AD: I’m certainly exactly where I’m meant to be. My career has been a jungle gym of a journey and not a static destination. I see scope for improvement in my skills, knowledge base and contribution. I’ve been incredibly blessed and fortunate to have worked with fantastic organizations, amazing people on incredible transactions and projects. However, there is still so much more that I wish to do. I don’t even think I’ve scratched the surface of what I’ve been placed on this earth to accomplish.
9to5chick: What is the biggest career mistake you have made and how did you recover?
AD: There are so many things that looking back I could have done differently. Where to begin and which to choose? I don’t have regrets because I think regret is a wasted emotion and a thief of present joy. However, if I had to pick my biggest career mistake it would be working for the Nigerian government right out of business school. I’ve often tried to connect the dots looking back to perhaps see how those two years helped me with anything in my personal or professional life and I keep coming up empty. It was a time of deep sadness and dissatisfaction for me. I was horrified at the way the government functioned and how petty people could be. It often felt like working in a war zone but you couldn’t actually identify the enemy. I was completely naïve on so many levels. It was also my first introduction to misogyny, sexism, and duplicity. Coming from a career in Wall Street, I thought I was resilient but this experience was otherworldly. It toughened me up though. I realized that I wasn’t in Kansas anymore but it was a hard lesson to learn in your mid-20s. When I’d had enough, I applied to the Young Professionals Program at the World Bank and was accepted. Moving to Washington DC was one of the best therapeutic measures of my life! I was able to decompress but re-engage in impactful financial service work that mattered working with the International Finance Corporation. I was back doing what I was passionate about without fear.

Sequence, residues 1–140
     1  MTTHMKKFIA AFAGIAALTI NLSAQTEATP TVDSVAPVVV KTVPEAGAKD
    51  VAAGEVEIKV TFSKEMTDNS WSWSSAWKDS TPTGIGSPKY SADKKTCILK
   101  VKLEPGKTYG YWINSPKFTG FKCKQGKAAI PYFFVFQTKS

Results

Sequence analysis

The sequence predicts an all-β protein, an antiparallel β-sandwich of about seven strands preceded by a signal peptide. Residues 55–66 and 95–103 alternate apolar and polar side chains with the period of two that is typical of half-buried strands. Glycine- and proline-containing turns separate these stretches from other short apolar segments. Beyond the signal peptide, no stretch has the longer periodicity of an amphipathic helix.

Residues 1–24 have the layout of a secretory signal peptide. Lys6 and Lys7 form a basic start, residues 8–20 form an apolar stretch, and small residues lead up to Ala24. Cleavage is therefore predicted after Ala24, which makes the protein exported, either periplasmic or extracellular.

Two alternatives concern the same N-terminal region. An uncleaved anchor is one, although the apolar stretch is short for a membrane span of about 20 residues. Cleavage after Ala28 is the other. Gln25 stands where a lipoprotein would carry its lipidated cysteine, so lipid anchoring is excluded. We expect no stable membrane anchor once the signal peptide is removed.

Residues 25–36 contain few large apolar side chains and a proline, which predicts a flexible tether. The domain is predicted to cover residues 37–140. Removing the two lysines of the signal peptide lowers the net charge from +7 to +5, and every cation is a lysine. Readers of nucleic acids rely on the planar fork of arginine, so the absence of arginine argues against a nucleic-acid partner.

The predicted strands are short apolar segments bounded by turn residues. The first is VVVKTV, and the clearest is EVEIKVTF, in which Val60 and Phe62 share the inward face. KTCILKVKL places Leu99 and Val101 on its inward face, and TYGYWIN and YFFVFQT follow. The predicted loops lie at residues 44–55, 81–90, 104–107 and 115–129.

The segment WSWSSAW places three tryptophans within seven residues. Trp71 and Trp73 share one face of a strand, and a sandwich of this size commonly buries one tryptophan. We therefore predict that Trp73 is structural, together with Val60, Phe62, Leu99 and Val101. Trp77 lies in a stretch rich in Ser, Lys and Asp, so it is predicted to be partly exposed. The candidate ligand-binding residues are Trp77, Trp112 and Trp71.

9to5chick: What was the biggest risk you have taken in your career, so far, and did it pay off?
AD: I’ll have to come back to you on this one! I’m currently in the middle of the biggest career risk yet (and I am someone who has taken a few of these already). I quit my job as the head of investment banking for a South African Bank in West Africa to attend a Fellowship at Stanford University. You might not think this is a big risk but I think it is! I have no plan for life or work afterward and this is both risky and scary. I have never not had a cogent and well-designed plan. I’m enjoying my time with my three sons in a new city and we are exploring and learning together. I am taking classes and learning about so many new things – design thinking, AI, VR, AR, IoT, content creation & monetization, VC, and the list goes on. It’s great to be able to take a year off in your 40s, put on sneakers and a backpack and go to school again. I recognize the privilege which I enjoy and I am deeply grateful that I get to experience a potentially new and exciting phase in life. I’m very introspective at this time and I’m hopeful that this sabbatical will create a new and exciting journey for me.
9to5chick: What do you do when you have a bad day at work?